But this problem isn't asking for the volume—it's asking for the weight of the ball. We already know that 1 cubic inch weighs 0.6523 ounces, so all we need to do is multiply this by the total number of cubic inches, i.e., the volume we found above:

\$2.484*0.6523=1.62\$

This gives us 1.62 total ounces, which is the same as answer choice 2.

### Short-Response Sample Question (Part II) There are some key rules about angles you'll need to know in order to solve this problem:

• All angles in a triangle add up to 180°
• Opposite angles are congruent (i.e., the same) in a parallelogram
• The rule of alternate interior angles

We've been asked to find the measure of angle \$∠ B\$. First things first: you likely noticed that the line from angle \$∠ A\$ to angle \$∠ C\$ that divides the parallelogram has created two triangles, the left of which already has two angles filled out for us: \$98°\$ and \$36°\$.

To find angle \$∠ D\$⁠—the last angle in that triangle—we need to subtract the measures of the other two angles (\$\bo 98°\$ and \$\bo 36°\$) from \$\bo 180°\$, since all angles in a triangle must add up to \$180°\$:

\$98+36=134\$
\$180-134=46\$
\$∠ D=46°\$

Because opposite angles are congruent in parallelograms, we can conclude that \$∠ \bi D= ∠ \bi B\$, meaning that \$∠ \bi B\$ must also equal \$\bo 46°\$.

You would need to show your thinking clearly in order to get full credit for this. Below is a sample student response that approaches the problem a little differently but still gets the correct answer and earns full points:  ### Medium-Response Sample Question (Part III) To solve this problem, think of the cargo trailer as two separate shapes:

• A rectangle/rectangular prism on the left
• A triangle/triangular prism on the right

We need to find the total volume of the trailer, so we should start by finding the volume of the rectangular prism. To find the volume of a rectangular prism, you just multiply the length, width, and height:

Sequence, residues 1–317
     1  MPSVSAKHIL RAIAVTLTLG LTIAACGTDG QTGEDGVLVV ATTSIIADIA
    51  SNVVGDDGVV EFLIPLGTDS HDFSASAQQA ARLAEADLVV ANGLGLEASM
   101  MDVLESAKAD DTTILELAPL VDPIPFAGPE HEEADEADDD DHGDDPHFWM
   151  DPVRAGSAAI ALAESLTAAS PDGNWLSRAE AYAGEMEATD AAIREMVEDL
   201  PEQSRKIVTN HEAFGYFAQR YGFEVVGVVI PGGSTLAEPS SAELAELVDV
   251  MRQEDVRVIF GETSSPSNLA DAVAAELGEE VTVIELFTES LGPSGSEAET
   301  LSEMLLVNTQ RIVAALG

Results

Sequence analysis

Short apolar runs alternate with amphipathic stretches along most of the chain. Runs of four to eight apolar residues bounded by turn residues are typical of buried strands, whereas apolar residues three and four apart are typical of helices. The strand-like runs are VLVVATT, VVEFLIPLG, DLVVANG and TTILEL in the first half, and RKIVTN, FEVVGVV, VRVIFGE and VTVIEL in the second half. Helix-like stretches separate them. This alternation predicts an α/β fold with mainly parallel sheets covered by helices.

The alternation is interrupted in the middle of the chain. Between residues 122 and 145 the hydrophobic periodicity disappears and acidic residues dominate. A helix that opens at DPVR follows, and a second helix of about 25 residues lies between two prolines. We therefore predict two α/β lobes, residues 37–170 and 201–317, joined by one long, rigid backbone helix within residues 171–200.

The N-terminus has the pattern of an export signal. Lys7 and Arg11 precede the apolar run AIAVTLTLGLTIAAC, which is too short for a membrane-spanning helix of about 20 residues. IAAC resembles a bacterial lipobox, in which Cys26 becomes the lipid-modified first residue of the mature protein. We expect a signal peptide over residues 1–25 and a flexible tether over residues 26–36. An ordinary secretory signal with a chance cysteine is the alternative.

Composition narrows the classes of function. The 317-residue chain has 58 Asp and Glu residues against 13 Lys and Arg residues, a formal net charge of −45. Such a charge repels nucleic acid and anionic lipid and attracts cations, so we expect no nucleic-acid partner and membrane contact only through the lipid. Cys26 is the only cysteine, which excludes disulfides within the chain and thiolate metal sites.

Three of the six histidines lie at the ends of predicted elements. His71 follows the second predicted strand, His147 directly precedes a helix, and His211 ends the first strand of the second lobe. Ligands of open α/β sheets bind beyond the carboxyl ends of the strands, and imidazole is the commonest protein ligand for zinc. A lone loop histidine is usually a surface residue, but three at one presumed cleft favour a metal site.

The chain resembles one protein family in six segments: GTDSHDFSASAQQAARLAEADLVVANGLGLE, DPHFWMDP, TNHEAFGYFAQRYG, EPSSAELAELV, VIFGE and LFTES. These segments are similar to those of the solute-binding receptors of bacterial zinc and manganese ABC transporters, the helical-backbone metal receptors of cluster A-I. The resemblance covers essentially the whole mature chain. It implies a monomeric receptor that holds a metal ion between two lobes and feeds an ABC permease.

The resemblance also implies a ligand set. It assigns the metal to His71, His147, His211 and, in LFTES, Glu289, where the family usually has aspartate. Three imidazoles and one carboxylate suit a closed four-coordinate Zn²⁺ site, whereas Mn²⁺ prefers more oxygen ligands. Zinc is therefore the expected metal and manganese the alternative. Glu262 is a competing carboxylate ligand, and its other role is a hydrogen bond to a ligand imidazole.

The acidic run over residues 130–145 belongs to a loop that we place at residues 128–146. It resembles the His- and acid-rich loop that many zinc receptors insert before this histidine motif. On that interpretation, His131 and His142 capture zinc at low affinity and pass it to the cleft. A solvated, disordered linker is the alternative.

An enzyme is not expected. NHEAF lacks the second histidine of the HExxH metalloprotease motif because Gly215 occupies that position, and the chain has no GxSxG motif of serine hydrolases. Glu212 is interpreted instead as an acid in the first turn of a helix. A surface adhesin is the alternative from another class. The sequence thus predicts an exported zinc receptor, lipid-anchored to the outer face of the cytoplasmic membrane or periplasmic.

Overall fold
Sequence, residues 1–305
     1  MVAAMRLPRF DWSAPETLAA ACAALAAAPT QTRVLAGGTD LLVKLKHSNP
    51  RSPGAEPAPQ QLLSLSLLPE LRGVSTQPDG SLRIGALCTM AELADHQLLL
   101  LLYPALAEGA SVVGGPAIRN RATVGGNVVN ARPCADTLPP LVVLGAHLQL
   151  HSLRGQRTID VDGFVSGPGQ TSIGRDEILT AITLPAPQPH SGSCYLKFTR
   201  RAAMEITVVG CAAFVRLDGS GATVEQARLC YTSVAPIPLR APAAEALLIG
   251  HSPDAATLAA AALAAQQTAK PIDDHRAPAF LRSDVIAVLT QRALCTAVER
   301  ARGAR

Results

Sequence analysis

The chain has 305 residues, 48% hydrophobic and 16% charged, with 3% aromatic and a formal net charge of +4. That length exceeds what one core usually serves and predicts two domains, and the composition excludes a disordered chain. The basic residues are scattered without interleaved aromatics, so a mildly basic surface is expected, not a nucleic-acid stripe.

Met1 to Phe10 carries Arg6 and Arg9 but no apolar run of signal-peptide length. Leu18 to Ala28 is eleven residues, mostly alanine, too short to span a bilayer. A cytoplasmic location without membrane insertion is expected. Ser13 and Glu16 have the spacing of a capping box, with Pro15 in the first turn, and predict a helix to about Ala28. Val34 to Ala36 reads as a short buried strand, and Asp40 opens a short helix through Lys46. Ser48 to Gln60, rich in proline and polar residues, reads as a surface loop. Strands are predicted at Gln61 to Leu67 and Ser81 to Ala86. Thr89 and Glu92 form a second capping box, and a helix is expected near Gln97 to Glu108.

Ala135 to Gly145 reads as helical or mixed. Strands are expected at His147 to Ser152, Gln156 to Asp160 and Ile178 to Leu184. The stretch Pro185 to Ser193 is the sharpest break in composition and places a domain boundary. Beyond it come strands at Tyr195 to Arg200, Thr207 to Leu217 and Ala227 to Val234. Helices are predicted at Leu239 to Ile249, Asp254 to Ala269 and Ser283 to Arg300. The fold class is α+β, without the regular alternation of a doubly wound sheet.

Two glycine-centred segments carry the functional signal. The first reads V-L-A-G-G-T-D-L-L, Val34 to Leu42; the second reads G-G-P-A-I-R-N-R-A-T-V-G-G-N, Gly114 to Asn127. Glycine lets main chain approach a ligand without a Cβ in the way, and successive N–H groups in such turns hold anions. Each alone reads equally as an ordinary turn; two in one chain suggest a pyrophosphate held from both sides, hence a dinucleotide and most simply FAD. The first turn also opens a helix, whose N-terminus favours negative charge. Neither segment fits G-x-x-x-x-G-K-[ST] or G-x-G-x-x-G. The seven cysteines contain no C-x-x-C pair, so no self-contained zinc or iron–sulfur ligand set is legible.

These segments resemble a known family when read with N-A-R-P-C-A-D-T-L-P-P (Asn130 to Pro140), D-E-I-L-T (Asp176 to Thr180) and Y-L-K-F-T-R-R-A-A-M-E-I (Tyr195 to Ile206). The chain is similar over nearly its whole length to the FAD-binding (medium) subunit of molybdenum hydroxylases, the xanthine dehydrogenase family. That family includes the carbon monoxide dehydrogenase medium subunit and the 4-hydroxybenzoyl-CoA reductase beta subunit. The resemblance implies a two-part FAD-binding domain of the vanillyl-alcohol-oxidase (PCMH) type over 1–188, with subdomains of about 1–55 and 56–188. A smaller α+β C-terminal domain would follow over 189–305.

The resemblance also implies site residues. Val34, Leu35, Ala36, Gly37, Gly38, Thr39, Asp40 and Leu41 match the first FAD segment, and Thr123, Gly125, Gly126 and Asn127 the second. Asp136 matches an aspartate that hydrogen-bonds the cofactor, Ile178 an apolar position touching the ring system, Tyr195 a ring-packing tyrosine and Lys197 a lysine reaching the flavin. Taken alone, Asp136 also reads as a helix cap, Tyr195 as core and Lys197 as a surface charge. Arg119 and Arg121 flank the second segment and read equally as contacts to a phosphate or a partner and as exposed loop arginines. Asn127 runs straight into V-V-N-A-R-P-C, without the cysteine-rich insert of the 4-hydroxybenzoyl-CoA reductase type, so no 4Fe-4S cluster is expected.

\$V=(10)(6)(6.5)\$
\$V=390\$

We know that the volume of the rectangular part of the cargo trailer is equal to 390 cubic feet. But what about the triangular part? The easiest way to find the volume of a triangular prism is to solve for the area of the triangle first and then multiply it by the height (which we know is 6.5 ft).

To find the area of a triangle, we must use the following formula (which is on the reference sheet):

\$A={1/2}bh\$

Think of the triangle as if it's been turned on its side. In this formula, \$b\$ is the "base" of the triangle (the vertical dotted line) and \$h\$ is the "height" (the horizontal dotted line). Note that the height we are talking about here is not the height of the cargo trailer, which is 6.5 ft!

Because the base of the triangle is also one side of the rectangle, we know that the measurement of this side has to be 6 ft (like its opposite side).

Now, we just have to find the height of the triangle. To do this, divide it into two right triangles using the dotted height line; this causes the base to divide in half as well, giving us one right triangle with a base of 3 and a hypotenuse of 4.

We'll call the unknown measurement (the height of our original triangle) \$x\$. To find \$x\$, we can use the Pythagorean theorem (on the reference sheet):

\$a^2+b^2=c^2\$

Plug the numbers we have for our base (3) and the hypotenuse (4) into the formula to solve for \$x\$:

\$(3^2)+x^2=4^2\$
\$9+x^2=16\$
\$x^2=7\$
\$x=√7\$
\$x=2.6458\$

Since we now have the height, we can go back and solve for the area of our original triangle using the original base (6) and plugging everything into the triangle area formula:

\$A={1/2}bh\$
\$A=(1/2)(6)(2.6458)\$
\$A=(3)(2.6458)\$
\$A=7.9374\$

Now, multiply the area of the triangle by the height of the trailer (6.5 ft) to get the volume of this section of the trailer:

\$V=(6.5)(7.9374)\$
\$V=51.5931\$

Finally, add the two volumes together to get the total volume of the trailer:

\$V=51.5931+390\$
\$V=441.5931\$
\$V=442\$

Our answer, rounded to the nearest cubic foot, is 442 cubic feet.